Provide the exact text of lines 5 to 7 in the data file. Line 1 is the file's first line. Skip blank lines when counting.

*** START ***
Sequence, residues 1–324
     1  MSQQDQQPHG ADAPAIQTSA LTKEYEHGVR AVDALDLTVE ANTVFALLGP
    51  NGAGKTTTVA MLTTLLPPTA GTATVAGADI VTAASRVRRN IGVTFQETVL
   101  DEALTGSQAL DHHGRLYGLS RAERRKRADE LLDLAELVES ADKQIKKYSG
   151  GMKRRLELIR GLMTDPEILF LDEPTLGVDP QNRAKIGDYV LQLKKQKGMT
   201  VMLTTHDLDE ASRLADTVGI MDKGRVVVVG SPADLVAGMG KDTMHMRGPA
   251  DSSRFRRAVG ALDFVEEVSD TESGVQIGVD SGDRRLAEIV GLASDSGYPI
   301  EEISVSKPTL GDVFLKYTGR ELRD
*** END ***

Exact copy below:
   151  GMKRRLELIR GLMTDPEILF LDEPTLGVDP QNRAKIGDYV LQLKKQKGMT
   201  VMLTTHDLDE ASRLADTVGI MDKGRVVVVG SPADLVAGMG KDTMHMRGPA
   251  DSSRFRRAVG ALDFVEEVSD TESGVQIGVD SGDRRLAEIV GLASDSGYPI